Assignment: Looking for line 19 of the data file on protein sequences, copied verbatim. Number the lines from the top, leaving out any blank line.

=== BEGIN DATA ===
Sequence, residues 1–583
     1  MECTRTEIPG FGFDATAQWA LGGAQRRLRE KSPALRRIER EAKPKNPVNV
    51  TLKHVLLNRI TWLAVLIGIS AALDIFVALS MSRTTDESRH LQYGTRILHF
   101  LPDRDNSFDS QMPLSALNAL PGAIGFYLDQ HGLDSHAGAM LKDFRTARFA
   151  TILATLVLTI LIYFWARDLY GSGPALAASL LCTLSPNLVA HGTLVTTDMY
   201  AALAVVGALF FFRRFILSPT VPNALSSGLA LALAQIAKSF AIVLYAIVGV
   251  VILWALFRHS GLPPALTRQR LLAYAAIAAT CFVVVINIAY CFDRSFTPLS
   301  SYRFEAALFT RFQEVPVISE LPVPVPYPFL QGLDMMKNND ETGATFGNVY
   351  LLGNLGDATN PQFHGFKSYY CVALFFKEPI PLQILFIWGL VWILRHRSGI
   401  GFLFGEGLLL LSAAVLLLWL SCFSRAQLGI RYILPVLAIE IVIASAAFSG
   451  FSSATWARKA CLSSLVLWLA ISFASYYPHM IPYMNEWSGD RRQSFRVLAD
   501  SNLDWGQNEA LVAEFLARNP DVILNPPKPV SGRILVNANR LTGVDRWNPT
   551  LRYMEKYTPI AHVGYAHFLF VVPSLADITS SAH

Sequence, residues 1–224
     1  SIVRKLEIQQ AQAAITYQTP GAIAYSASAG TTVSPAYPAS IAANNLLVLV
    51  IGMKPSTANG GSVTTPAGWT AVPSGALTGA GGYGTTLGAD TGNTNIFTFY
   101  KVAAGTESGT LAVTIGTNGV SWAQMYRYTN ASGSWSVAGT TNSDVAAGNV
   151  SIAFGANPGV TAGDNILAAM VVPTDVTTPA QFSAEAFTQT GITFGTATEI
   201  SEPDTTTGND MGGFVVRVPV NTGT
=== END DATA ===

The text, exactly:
   201  SEPDTTTGND MGGFVVRVPV NTGT